and each function gik (-t) is calculated from the function gik (t) which is itself identical to the reciprocal function gki (t), wherein gki (t) is the impulse response, determined and stored beforehand, corresponding to the noise generated at a sensor assumed stationed at point i, from the emission of a short acoustic pulse by the source of index k of said array of sources.
3. A process according to claim 2, wherein detection of the noises Ej (t) required for calculation of the signals Sk (t) is performed by sampling at a rate corresponding substantially to one eighth of the shortest period characterizing the sound waves to be processed, and thus to the highest frequency of the range selected for the sensitivity of the sensors.
4. A process according to claim 2, wherein each signal Sk (t) is equal to ##EQU12## wherein hjk (t) is a function, determined and stored beforehand, equal to: ##EQU13##
5. A process according to claim 2, wherein, during a first time period, acoustic sources are stationed at said points i of said reticulate array, with the responses fij (t) then being determined in the vicinity of the sensors of the array of sensors during the emission of short acoustic pulses by the acoustic sources stationed at said points i, and during a second time period, acoustic sensors are stationed at said points i, with the response gki (t) then being determined in the vicinity of the sensors stationed at points i during the emission of short acoustic pulses by the sources of the array of sources.
6. A process according to claim 5, wherein in at least one combination of the sources and sensors used during said first and second time periods, the respective roles and locations of those sources and sensors are interchanged.
7. A process according to claim 2, wherein a reticulate array of acoustic elements is used to carry out the process and the acoustic elements are kept separate from one another by a rigid framework latticed with respect to sounds.
Description

It is often desired to protect certain volumes with regard to noises generated outside these volumes.

The volumes in question are in particular those intended to be occupied by the head of an individual, in particular when in a seated position or lying position: when the desired acoustic protection is obtained, the individual concerned is sheltered from outside acoustic nuisance as long as his head remains stationed inside such a volume.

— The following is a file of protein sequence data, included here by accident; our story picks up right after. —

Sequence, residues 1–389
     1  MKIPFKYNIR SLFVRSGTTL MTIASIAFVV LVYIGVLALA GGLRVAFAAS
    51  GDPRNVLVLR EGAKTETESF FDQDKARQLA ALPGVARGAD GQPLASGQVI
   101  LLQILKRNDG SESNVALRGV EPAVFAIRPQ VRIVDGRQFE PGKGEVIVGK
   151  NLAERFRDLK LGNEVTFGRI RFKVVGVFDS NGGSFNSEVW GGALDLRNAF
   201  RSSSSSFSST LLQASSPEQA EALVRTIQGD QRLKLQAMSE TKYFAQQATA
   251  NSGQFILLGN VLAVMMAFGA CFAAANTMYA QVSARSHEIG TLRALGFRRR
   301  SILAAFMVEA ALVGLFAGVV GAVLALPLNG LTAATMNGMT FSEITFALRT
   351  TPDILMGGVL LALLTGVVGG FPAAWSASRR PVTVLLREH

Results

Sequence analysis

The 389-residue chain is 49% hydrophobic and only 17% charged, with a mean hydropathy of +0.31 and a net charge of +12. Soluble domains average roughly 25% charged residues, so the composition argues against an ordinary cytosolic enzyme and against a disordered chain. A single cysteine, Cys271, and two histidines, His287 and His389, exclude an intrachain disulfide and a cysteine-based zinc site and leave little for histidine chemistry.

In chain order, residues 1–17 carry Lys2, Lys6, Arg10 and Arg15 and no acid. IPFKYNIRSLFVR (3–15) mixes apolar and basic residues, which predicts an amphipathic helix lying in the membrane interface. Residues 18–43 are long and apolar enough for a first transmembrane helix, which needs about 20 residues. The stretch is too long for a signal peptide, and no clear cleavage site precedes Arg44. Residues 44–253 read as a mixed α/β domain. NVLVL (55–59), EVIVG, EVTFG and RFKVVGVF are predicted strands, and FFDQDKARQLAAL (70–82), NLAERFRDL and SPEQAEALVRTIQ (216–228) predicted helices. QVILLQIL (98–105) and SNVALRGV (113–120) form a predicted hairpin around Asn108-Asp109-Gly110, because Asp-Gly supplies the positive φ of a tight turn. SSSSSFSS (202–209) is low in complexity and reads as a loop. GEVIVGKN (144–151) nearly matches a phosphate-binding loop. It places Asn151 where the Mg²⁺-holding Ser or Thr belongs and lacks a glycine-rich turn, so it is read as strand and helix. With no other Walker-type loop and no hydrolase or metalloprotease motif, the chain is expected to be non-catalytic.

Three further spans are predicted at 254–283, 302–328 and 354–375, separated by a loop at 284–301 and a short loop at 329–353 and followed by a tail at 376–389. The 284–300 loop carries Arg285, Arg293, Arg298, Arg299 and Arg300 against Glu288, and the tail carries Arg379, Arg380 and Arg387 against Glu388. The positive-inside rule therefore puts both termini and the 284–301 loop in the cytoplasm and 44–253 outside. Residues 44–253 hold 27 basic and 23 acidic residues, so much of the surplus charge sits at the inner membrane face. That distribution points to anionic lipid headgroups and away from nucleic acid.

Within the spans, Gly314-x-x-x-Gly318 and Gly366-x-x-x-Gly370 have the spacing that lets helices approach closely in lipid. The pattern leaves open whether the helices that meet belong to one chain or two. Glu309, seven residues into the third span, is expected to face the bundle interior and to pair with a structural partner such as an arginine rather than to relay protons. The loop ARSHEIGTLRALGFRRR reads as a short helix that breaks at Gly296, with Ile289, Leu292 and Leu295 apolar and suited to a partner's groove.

In order to ensure such acoustic protection, it has already been proposed to interpose phonically insulating partitions between the volumes in question and the outside of the latter.

The insulation obtained with such partitions is limited and the physical obstacles embodied by the said partitions are often crippling.

It has also been proposed to cancel certain sounds received by such volumes by applying to the said volumes "counter-noises" of identical amplitude and opposite phase to those of the said sounds.

However hitherto this type of cancellation, sometimes dubbed active attenuation, has led to encouraging results only for relatively pure sinusoidal sounds transmitted directly from their source to the volume to be protected.

In particular, it has not been possible to deal correctly with random noises in this way and, when the volumes considered lie inside rooms, delimited laterally by partitions, below by a floor and above by a ceiling, it has hitherto scarcely been possible to control the phenomena of reflection or reverberation of noises to be cancelled on the various walls delimiting the said rooms as well as on the other obstacles, such as furniture, present in these rooms.

The aim of the invention is above all to remedy all these disadvantages by enabling a volume arranged inside a room to be protected in regard to noises of any nature produced outside this room, and in particular from certain favoured directions corresponding for example to windows.